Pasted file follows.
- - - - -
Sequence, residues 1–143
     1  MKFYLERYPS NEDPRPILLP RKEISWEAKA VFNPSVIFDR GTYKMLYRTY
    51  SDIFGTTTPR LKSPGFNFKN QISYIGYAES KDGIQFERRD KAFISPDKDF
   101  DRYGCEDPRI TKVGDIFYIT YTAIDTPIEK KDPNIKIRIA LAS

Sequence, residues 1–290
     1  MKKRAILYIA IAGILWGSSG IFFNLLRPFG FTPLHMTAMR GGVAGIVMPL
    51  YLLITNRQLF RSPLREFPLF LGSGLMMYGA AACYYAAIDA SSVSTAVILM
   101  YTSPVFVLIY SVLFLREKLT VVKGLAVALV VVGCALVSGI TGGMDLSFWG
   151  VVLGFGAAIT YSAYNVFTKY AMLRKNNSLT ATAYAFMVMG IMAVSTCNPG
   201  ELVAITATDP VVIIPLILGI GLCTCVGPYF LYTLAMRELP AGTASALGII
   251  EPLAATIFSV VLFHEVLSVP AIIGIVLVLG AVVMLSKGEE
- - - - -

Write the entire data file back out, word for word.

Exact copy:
Sequence, residues 1–143
     1  MKFYLERYPS NEDPRPILLP RKEISWEAKA VFNPSVIFDR GTYKMLYRTY
    51  SDIFGTTTPR LKSPGFNFKN QISYIGYAES KDGIQFERRD KAFISPDKDF
   101  DRYGCEDPRI TKVGDIFYIT YTAIDTPIEK KDPNIKIRIA LAS

Sequence, residues 1–290
     1  MKKRAILYIA IAGILWGSSG IFFNLLRPFG FTPLHMTAMR GGVAGIVMPL
    51  YLLITNRQLF RSPLREFPLF LGSGLMMYGA AACYYAAIDA SSVSTAVILM
   101  YTSPVFVLIY SVLFLREKLT VVKGLAVALV VVGCALVSGI TGGMDLSFWG
   151  VVLGFGAAIT YSAYNVFTKY AMLRKNNSLT ATAYAFMVMG IMAVSTCNPG
   201  ELVAITATDP VVIIPLILGI GLCTCVGPYF LYTLAMRELP AGTASALGII
   251  EPLAATIFSV VLFHEVLSVP AIIGIVLVLG AVVMLSKGEE